Triggers and emotional cravings relating to mental difficulties are very common for those of us in recovery during the holiday season. We previously discussed three different types of cravings individuals might face in addiction recovery, one of the most complex of these being emotional cravings. This week I want to dive deeper into the concept of emotional cravings and just how prominent they can be during the notoriously stressful holiday season.
Relationships - Debunking Addiction
Conversations about your sex addiction are almost always a daunting task, but the conversations take on even higher stakes when you're confessing your secret sins to your family members. Some sex addicts keep their taboo desires and habits hidden from their loved ones for years or even decades; while others, like myself, choose to go all in and tell their family only a few months into the madness of active addiction. The conversations about sex addiction are never easy, but in my opinion, they can be extremely helpful in creating a healthy, transparent space with the people you love most.
As this decade is reaching its end, I am reminded of how long behavioral addictions have haunted me and exactly how far I've come. Around 2010, I first began exploring my sexuality as a teenager and I quickly learned how helpful sex could be as a coping skill for a struggling and defiant teenager like myself. Over time though, I wasn't just relying on sex to cope, my tendency to rely on certain behaviors or activities to survive slowly spread to nearly every area of my life including things like food, social media, shopping, and probably even others that I'm not fully aware of. Behavioral addictions are especially tricky to conquer because they commonly involve the most regular and routine aspects of our lives and they often go completely unnoticed.
In my observation, nearly every individual in addiction recovery has either heard of or experienced the 12-step groups or the 12-step curriculum. Some recovering addicts swear by 12-step practices and principles and other addicts convulse at the thought of attending a 12-step group meeting to share their feelings with a bunch of addicted strangers. I feel that I have a rather unique perspective on the 12-step model because while I don't actively participate in every principle and policy they suggest, I have developed a deep respect and admiration for the community as a whole and what they represent.
As a recovering addict, I have been fortunate enough to encounter many methods of recovery, including but not limited to the 12-step group for sex addiction. I first found my way to the most common group options like Alcoholics Anonymous (AA) and Narcotics Anonymous (NA), and eventually, I discovered the variety of sex addiction-related 12-step groups available. After spending plenty of time in the 12-step group world, I can honestly say that I'm abundantly grateful for the recovery work they do within the community. However, I cannot give 12-step groups all the credit in regards to my recovery experience and maintaining sobriety.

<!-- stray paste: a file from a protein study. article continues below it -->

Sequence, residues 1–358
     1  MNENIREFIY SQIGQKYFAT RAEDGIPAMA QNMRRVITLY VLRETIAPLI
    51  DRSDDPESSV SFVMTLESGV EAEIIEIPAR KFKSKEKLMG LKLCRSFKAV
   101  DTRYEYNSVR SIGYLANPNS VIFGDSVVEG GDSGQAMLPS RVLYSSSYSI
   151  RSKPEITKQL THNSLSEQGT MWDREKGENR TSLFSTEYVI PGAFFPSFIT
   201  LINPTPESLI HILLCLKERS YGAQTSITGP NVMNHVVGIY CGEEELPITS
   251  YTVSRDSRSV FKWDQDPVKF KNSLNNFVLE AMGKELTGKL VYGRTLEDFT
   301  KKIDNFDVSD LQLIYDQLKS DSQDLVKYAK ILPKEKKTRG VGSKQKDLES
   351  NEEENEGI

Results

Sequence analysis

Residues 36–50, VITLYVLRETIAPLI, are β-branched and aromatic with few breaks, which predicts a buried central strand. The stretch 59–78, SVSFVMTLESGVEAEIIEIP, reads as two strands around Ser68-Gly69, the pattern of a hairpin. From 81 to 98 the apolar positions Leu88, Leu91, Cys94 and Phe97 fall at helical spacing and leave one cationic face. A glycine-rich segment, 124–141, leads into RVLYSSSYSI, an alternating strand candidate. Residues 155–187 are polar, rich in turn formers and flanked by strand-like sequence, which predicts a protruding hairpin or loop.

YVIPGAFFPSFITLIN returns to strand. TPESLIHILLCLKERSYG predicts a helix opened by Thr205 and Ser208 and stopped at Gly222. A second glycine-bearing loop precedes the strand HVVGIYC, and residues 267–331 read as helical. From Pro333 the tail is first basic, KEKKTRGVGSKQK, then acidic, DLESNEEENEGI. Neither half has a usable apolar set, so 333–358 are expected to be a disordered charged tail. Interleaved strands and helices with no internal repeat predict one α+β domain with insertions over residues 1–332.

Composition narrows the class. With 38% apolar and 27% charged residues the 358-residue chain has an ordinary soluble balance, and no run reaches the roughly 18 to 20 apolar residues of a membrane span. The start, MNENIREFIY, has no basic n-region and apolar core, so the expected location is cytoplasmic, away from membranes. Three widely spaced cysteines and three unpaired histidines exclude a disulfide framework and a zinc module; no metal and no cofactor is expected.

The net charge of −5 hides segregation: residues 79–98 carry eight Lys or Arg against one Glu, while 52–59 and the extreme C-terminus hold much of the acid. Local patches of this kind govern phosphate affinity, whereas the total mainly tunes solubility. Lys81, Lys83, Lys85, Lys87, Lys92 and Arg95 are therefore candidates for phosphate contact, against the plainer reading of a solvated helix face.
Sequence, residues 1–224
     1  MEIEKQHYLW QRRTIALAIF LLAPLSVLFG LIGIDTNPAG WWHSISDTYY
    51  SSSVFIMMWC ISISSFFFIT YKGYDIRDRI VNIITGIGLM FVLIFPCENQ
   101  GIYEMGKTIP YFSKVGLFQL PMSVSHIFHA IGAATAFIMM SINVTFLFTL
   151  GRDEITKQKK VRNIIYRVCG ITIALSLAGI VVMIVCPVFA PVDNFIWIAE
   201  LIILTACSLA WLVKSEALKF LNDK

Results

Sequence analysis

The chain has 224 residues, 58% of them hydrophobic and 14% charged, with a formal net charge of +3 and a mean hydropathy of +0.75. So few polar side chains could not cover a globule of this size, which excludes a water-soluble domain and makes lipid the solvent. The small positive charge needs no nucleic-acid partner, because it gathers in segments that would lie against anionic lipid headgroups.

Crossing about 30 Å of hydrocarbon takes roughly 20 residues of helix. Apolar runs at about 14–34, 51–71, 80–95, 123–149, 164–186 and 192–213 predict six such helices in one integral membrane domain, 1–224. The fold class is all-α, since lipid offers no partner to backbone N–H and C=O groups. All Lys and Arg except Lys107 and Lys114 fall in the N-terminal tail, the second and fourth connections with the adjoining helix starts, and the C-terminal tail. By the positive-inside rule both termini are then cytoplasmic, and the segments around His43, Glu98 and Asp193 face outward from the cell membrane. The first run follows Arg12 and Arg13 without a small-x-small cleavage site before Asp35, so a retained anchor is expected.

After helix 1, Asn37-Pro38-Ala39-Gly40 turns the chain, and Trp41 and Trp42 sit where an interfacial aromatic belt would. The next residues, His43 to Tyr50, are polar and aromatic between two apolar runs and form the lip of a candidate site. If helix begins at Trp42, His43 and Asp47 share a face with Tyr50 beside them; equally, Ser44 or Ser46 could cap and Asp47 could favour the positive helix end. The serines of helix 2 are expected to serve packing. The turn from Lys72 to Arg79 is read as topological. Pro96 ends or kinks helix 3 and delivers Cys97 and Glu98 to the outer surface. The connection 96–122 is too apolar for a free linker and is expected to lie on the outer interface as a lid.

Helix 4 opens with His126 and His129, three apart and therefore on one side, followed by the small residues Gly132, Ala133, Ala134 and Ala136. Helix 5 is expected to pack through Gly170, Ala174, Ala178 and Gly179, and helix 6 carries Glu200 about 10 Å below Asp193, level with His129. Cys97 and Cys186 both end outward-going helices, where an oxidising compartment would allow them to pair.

I spent most of my time in active addiction fearful of what others would think about me; but when I slowly began to open up about my sex addiction, I was incredibly surprised by the reactions I received from people. Some individuals pleasantly surprised me with their love and support, others made me feel like a piece of garbage, and a few of them completely creeped me out. Nonetheless, I am grateful I finally spoke up about my sex addiction, because I know now that the reactions from other people (even people I love) don't get to define me.
“I just want to be normal. I don’t know what it’s like,” cried a tear-soaked heroin addict during a tough-love intervention. Her cry came after about 15 minutes of being yelled at, belittled, and degraded in front of 1000 viewers, all in the name of tough love. My heart broke into pieces for her because I’ve been that woman. I wanted to reach through my screen, hug her and tell her how precious she is. Tough love for addicts doesn't work.
Setting or maintaining boundaries with family and friends may be difficult if you are in recovery from addiction. The difficulty of setting limitations with others is a natural thing to experience in recovery because when you were in active addiction it’s likely that your boundaries were severely blurred or even nonexistent. The lack of boundaries in your life at the time may have led to manipulation, abuse, allowing others to take advantage of you and put you in harm’s way. It also leads to codependency in relationships, which likely fed your addiction and kept it active. But now you are in recovery, and it’s time to learn that setting and maintaining boundaries is essential to your recovery.
Do you fear addiction recovery? During my active addiction, I feared everything. Fear was the driving emotion in my life. I was afraid of an unknown future and was most afraid of becoming sober. I'd become comfortable in my mess and just the thought of anything different frightened me. The fear of addiction recovery hid itself in my untruths.
Sponsorship during addiction recovery is one of the tenets of 12-step groups like Alcoholics Anonymous (AA). Many who have gotten, and remained, clean and sober have done so with the help of a sponsor guiding them through the process of recovery. While it has proven to be an effective tool in 12-step circles, some wonder whether sponsorship in addiction recovery is really an important element.